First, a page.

And there’s a second issue in the Rhode Island case that touches on this subject, as well—because Roman’s mother is not Native American.
Instead, Roman’s eligibility for tribal membership comes from his biological father, who abandoned him at an early age (and did not challenge the termination of his rights). Why, then, should ICWA apply at all in this case? If ICWA’s purpose is protect Indian children from being unduly removed from Indian families, it has no role in a case that only involves a child’s relationship to his non-Indian mother. “This Court has grave reservations as to whether the provisions contained in [ICWA] apply,” declared the justices. They pointed with disapproval to a Washington state case from 2016, in which a non-Indian father was allowed to use ICWA’s restrictions to prevent an Indian mother from taking steps to protect her child. Although the Rhode Island court ultimately did not decide this issue, its wording raises an important problem with ICWA: Its burdens are often imposed on cases that have nothing to do with the purposes behind ICWA—with consequences that harm the very children ICWA was supposed to help.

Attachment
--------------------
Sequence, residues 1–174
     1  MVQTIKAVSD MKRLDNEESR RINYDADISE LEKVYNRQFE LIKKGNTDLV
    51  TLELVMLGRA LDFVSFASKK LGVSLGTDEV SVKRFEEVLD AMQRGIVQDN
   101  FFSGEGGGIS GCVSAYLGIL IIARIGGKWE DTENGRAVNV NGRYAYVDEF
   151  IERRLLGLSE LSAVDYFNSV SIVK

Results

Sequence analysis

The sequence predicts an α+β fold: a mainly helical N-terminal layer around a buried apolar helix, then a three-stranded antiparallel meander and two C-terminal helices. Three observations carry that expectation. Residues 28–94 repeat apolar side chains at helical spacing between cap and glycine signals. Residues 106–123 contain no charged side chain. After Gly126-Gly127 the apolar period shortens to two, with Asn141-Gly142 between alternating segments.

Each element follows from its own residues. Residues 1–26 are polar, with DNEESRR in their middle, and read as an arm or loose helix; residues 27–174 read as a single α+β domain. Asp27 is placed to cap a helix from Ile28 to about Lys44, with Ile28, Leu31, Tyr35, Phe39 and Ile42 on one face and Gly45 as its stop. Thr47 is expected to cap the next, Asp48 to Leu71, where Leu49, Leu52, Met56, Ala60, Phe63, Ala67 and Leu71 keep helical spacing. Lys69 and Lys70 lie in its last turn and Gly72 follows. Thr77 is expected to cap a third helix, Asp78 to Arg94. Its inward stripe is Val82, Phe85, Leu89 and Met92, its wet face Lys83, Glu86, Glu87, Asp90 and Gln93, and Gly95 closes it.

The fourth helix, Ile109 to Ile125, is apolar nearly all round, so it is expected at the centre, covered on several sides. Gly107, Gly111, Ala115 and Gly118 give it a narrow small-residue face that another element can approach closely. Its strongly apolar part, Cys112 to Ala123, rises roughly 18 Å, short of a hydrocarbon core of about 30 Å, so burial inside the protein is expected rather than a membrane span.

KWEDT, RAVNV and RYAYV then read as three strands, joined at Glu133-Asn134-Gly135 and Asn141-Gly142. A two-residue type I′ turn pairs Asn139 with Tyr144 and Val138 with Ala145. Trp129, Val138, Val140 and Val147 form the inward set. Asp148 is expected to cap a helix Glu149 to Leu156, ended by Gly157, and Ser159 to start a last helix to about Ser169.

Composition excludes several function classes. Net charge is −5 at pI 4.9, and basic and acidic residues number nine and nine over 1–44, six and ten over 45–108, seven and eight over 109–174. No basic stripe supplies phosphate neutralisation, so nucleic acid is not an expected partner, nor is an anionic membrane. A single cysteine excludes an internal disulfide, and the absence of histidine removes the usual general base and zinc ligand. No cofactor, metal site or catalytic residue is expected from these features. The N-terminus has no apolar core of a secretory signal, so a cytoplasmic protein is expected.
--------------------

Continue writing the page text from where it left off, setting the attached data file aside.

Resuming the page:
Roman’s case is a sad one—as all ICWA cases are sad cases—but the decision is likely to result in a better life for him and for other children in similar circumstances. And the decision is a reminder of the need to protect at-risk children from the well-intended but deeply flawed ICWA.
Timothy Sandefur is the Vice President for Litigation at the Goldwater Institute.